Departmental Seminar

Computational Quantification of the Molecular Flexibility and Stability of Liquids and Solutions

Dr Richard Henchman
Manchester Institute of Biotechnology and the School of Chemistry, The University of Manchester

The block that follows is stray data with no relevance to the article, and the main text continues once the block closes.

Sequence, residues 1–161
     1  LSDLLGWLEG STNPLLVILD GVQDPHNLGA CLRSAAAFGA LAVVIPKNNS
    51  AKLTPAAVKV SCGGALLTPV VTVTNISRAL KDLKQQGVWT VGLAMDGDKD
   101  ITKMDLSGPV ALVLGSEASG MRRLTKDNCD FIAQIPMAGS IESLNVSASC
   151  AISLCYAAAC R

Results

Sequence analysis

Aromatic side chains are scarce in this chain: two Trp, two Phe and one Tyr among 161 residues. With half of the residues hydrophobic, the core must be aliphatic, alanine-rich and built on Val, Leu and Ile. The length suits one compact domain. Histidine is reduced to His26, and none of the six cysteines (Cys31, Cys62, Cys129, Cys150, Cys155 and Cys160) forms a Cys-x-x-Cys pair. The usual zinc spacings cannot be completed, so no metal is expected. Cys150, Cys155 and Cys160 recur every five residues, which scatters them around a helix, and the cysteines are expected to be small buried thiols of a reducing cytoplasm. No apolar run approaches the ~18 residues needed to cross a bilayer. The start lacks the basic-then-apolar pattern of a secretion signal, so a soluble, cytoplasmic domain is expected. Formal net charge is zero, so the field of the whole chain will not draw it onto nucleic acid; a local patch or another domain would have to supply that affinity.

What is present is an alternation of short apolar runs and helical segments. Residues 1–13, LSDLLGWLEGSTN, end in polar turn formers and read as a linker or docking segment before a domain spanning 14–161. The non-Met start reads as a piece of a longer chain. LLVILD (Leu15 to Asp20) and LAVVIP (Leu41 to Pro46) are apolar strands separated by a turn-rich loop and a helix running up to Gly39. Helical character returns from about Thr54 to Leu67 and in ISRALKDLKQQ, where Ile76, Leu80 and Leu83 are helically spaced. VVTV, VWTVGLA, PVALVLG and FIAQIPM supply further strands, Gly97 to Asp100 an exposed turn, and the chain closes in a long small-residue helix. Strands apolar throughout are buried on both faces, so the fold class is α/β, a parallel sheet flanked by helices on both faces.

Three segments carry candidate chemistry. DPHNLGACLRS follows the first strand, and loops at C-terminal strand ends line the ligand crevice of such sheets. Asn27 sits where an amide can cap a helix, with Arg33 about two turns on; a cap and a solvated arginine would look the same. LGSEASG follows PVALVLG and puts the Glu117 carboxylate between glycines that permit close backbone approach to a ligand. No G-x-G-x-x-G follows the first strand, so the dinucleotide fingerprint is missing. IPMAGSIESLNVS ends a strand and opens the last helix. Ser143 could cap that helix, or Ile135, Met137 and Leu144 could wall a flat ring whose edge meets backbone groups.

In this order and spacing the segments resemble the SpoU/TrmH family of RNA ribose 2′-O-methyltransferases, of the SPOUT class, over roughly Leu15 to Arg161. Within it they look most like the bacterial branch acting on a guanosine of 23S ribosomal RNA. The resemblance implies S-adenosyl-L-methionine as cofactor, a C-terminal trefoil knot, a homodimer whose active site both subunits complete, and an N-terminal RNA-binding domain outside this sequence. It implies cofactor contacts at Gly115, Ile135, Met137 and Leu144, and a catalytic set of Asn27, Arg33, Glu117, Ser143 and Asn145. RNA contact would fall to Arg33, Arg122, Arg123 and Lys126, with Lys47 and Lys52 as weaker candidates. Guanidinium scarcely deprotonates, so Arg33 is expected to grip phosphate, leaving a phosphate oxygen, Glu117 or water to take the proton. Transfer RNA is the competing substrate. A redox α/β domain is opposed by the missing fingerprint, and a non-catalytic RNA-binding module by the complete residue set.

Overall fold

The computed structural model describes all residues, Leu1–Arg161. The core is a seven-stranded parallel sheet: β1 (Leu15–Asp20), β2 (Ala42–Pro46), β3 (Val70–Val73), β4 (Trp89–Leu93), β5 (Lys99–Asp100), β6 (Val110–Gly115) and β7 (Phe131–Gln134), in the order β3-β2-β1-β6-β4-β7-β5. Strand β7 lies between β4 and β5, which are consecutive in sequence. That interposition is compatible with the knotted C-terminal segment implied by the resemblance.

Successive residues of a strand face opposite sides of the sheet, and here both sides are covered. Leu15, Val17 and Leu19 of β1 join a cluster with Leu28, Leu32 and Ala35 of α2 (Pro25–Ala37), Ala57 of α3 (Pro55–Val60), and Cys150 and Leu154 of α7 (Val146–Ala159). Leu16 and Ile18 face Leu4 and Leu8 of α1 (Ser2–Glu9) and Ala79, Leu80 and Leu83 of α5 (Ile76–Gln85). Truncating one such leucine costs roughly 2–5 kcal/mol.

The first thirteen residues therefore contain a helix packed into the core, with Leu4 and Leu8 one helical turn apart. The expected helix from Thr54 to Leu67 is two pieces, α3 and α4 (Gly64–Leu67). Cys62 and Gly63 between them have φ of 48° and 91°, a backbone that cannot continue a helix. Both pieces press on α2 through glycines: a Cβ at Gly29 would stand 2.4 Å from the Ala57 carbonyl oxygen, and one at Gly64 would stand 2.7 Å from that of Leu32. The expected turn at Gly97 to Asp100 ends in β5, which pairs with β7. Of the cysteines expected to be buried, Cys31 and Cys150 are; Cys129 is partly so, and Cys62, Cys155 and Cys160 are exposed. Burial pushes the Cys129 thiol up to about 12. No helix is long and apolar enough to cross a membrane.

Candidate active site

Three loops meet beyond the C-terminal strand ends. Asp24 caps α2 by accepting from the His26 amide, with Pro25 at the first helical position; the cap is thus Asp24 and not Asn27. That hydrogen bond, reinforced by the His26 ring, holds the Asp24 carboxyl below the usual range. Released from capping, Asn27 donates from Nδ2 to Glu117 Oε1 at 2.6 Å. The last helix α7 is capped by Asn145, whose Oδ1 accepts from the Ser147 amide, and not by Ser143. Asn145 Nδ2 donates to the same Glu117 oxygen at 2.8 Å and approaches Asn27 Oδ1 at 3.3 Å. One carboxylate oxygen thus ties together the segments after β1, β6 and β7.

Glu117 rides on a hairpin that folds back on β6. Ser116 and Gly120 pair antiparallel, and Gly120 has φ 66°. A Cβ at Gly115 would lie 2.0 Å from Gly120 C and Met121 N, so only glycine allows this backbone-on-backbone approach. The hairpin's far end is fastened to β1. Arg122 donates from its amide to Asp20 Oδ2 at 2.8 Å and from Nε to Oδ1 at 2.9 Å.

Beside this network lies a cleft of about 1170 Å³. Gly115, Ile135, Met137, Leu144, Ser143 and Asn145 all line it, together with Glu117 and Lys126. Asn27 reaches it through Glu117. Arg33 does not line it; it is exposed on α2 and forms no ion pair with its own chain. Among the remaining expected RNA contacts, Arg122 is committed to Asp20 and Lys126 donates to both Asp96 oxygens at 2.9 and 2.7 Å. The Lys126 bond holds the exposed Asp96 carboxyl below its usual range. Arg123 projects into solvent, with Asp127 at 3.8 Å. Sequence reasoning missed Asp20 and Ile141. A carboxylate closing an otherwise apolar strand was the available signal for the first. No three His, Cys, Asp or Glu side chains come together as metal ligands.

The importance of molecular flexibility to a system's behaviour has long been recognised. However, flexibility is often only understood at a qualitative or indirect level. There is still no general way to quantify the effective number of configurations of a system, a number closely related to entropy and thus stability. The main challenges to solve are the enormous number of configurations and the strong intermolecular correlations. Here we describe a general simulation-based method to quantify molecular flexibility, entropy and thus stability. The three kinds of quantity taken from a simulation are energies, forces and atomic contacts. We show how our method predicts stability for a range of progressively more complex systems, including water, aqueous solutions, complexes and other organic liquids. The method yields extensive insight into a system's structure and dynamics, and its simplicity makes it both understandable to non-experts and scalable to large, complex systems.

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